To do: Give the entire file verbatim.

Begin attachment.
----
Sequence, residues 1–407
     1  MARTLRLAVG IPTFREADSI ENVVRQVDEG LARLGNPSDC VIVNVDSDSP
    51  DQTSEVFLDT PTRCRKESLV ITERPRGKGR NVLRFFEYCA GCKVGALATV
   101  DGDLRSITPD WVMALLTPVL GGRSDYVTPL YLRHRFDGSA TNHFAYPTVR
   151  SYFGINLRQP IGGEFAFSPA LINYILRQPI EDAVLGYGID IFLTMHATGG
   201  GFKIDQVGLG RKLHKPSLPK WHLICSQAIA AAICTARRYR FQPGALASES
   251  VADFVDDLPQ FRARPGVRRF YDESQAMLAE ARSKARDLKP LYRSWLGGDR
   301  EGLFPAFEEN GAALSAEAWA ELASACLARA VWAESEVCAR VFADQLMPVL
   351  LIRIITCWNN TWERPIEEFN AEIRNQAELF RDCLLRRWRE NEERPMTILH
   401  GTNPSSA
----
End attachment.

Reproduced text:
Sequence, residues 1–407
     1  MARTLRLAVG IPTFREADSI ENVVRQVDEG LARLGNPSDC VIVNVDSDSP
    51  DQTSEVFLDT PTRCRKESLV ITERPRGKGR NVLRFFEYCA GCKVGALATV
   101  DGDLRSITPD WVMALLTPVL GGRSDYVTPL YLRHRFDGSA TNHFAYPTVR
   151  SYFGINLRQP IGGEFAFSPA LINYILRQPI EDAVLGYGID IFLTMHATGG
   201  GFKIDQVGLG RKLHKPSLPK WHLICSQAIA AAICTARRYR FQPGALASES
   251  VADFVDDLPQ FRARPGVRRF YDESQAMLAE ARSKARDLKP LYRSWLGGDR
   301  EGLFPAFEEN GAALSAEAWA ELASACLARA VWAESEVCAR VFADQLMPVL
   351  LIRIITCWNN TWERPIEEFN AEIRNQAELF RDCLLRRWRE NEERPMTILH
   401  GTNPSSA